In a statement given to the township before the vote, Hamill Dempster, also a resident of the property, said he is an NRA-certified range safety officer and built the range to NRA standards to ensure no bullet or bullet fragments would leave the range.
“Before I constructed this range, I spent countless hours reviewing the laws and restrictions of the local municipality as well as the state of Pennsylvania,” Hamill Dempster said. “I am in no way a danger to the community, nor am I being disruptive.”
A legal complaint the Dempsters submitted to the township asserts the new rules violate the Second Amendment and contradict state laws and precedents set by the Commonwealth Court banning townships from infringing on constitutional rights.
The complaint highlights cases of Pennsylvania municipalities repealing or declining to pursue rules regulating the use or possession of firearms following legal challenges, including three Berks cases in District, Centre and Washington townships.
Al Dempster said Lower Alsace’s new gun range rules were pushed through without giving township officials time to consider the legal issues he raised.
Well, the township officials have plenty of time to consider the potential for a lawsuit since changing the zoning laws, but as of now Lower Alsace authorities say they’re prepared to defend their new restrictions in court.
As it happens, the Pennsylvania Supreme Court agreed to hear a similar case earlier this year, and briefs are currently being filed in advance of oral arguments. In Burris v. Stroud Township the state Supreme Court is set to address the particular question of “whether an ordinance that limits target shooting to two non-residential zoning districts, and thus does not provide for shooting ranges at all private residences, is facially unconstitutional under the Second Amendment to the United States Constitution?”
In addressing this issue, the parties are directed to discuss in their briefs the following subsidiary matters: ( 1) whether this Court should adopt the two-step framework for addressing Second Amendment challenges utilized by the lower court; (2) whether the core Second Amendment right to possess firearms for self-defense recognized in District of Columbia v. Heller, 554 U.S. 570 (2008), also implies a corresponding right to acquire and maintain proficiency in their use; (3) whether such a corresponding right, if it exists, must extend to one ‘s own home; and (4) the level of scrutiny courts should apply when reviewing enactments that burden individuals’ ability to maintain firearms proficiency.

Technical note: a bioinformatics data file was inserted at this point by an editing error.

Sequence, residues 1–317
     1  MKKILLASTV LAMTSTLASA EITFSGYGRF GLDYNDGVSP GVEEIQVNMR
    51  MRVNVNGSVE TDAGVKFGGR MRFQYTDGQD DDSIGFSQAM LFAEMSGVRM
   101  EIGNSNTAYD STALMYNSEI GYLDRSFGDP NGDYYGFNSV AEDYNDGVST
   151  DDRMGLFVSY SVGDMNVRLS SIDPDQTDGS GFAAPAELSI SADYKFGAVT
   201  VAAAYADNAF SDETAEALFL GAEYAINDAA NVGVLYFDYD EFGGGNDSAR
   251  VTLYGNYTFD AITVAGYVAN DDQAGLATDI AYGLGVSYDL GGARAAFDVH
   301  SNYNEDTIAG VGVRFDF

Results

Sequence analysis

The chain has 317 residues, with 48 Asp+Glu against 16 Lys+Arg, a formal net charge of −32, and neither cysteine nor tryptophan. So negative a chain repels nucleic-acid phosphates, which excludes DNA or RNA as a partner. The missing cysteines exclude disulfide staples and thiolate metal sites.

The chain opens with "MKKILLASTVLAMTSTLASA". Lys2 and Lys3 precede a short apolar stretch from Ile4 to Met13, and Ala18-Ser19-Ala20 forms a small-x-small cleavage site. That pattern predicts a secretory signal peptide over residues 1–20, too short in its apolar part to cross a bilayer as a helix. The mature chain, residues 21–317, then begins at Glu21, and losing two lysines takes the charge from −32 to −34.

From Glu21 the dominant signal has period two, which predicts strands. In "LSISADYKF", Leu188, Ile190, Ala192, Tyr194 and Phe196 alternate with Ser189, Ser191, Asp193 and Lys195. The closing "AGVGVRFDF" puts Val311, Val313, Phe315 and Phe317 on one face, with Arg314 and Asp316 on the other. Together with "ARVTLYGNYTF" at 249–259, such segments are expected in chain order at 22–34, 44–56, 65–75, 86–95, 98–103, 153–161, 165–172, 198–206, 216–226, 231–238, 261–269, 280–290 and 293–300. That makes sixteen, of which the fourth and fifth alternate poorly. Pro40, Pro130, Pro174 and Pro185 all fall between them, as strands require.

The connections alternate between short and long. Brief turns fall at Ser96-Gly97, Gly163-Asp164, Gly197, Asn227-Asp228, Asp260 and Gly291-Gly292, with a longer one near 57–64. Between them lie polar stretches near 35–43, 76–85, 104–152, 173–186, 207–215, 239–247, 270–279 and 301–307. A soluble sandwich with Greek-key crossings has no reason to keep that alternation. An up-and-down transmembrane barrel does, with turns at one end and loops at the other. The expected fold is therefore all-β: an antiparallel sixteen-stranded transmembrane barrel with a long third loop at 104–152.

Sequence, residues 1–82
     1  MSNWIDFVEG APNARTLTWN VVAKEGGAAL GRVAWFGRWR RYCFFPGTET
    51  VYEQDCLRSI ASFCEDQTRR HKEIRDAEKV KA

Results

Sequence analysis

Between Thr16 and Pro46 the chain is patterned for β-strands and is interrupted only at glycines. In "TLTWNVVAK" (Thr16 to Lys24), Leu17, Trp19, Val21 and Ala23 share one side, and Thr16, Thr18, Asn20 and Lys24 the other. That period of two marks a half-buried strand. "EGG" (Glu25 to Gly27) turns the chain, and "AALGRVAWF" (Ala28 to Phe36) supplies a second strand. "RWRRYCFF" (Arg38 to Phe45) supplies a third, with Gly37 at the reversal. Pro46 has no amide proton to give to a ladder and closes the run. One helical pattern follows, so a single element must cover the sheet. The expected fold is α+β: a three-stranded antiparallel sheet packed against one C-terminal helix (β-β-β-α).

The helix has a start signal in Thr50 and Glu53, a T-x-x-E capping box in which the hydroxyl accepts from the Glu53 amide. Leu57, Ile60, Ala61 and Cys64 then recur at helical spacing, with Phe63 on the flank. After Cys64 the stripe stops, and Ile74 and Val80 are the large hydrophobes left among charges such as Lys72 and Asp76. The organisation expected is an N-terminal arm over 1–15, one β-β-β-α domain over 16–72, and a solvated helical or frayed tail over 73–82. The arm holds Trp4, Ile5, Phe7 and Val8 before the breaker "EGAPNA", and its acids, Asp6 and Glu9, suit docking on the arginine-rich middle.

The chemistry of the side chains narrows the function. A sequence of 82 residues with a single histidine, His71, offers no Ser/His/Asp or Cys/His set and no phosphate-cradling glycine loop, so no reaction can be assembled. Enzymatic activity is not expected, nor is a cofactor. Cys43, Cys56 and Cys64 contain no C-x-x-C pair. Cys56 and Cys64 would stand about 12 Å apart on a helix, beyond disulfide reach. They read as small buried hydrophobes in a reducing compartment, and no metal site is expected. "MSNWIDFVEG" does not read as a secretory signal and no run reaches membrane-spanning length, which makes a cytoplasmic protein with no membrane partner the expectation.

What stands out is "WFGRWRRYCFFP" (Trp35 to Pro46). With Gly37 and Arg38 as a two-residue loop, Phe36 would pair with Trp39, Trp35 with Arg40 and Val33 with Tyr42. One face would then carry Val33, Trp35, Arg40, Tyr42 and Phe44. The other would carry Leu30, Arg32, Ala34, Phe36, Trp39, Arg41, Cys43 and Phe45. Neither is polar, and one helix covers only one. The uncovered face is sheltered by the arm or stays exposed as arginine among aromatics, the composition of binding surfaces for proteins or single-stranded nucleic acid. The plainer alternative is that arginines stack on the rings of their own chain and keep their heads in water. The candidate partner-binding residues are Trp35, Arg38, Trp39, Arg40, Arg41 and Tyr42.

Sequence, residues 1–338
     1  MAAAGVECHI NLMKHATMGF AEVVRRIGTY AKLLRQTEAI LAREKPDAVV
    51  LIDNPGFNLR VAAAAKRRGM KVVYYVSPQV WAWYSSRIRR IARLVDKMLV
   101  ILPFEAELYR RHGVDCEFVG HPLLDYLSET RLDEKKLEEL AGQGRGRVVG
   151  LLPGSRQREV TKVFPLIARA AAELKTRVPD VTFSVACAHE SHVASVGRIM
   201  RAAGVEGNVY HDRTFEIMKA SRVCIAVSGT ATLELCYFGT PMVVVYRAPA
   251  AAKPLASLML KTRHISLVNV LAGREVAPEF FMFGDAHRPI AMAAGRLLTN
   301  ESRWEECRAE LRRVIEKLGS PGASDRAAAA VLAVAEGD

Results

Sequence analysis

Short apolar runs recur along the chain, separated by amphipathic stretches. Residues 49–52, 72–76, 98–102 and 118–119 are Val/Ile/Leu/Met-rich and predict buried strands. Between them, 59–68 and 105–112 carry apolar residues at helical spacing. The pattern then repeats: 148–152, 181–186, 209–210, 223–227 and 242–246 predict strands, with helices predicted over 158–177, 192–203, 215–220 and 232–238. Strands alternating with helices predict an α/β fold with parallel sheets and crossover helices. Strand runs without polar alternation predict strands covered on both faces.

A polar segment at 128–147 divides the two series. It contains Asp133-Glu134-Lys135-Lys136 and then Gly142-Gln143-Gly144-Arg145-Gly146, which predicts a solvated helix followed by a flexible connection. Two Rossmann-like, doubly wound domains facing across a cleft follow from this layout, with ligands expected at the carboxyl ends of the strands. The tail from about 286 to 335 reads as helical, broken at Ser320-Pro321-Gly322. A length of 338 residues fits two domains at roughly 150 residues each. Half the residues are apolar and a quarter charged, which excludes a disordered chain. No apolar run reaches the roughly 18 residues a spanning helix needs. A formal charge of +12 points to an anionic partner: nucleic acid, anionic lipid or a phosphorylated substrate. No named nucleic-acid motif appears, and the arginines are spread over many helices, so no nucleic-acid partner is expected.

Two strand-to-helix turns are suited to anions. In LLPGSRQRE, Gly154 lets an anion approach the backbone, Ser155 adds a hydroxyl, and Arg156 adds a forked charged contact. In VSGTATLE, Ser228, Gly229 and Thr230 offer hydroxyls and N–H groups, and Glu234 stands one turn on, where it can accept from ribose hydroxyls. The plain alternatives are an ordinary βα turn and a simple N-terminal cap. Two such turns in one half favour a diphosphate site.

The standard of review argument is going to be interesting, given that the U.S. Supreme Court has explicitly rejected the interest-balancing test used by the lower court. Ironically, the trial court judge used intermediate scrutiny to find that the township had not established that the ordinance “does not burden more conduct than is reasonably necessary.” Stroud Township officials are within their authority in terms of regulating private ranges, but as the court said, “it must be remembered … that the police power delegated by the state is not infinite and unlimited. The action taken thereunder must be reasonable, it must relate to the object it purports to carry out, and it must not invade the fundamental liberties of the citizens. It must also be remembered that even legitimate legislative goals cannot be pursued by means which stifle fundamental personal liberty when goals can be otherwise more easily achieved.”
How could this impact the Dempsters? Well, there doesn’t appear to be any legitimate safety issues with their private range. Instead, the complaints largely seem to be centered around the amount of time the family is spending at their range; something that might be annoying to nearby neighbors but was within their rights as property owners, at least until the township changed its rules. As long as the range meets safety standards the Dempsters should be free and clear to train with their firearms on their own property, subject to reasonable regulations imposed by the township. Barring all but a handful of residents from hosting a range on their property doesn’t sound reasonable to me, and hopefully not to the Pennsylvania Supreme Court either.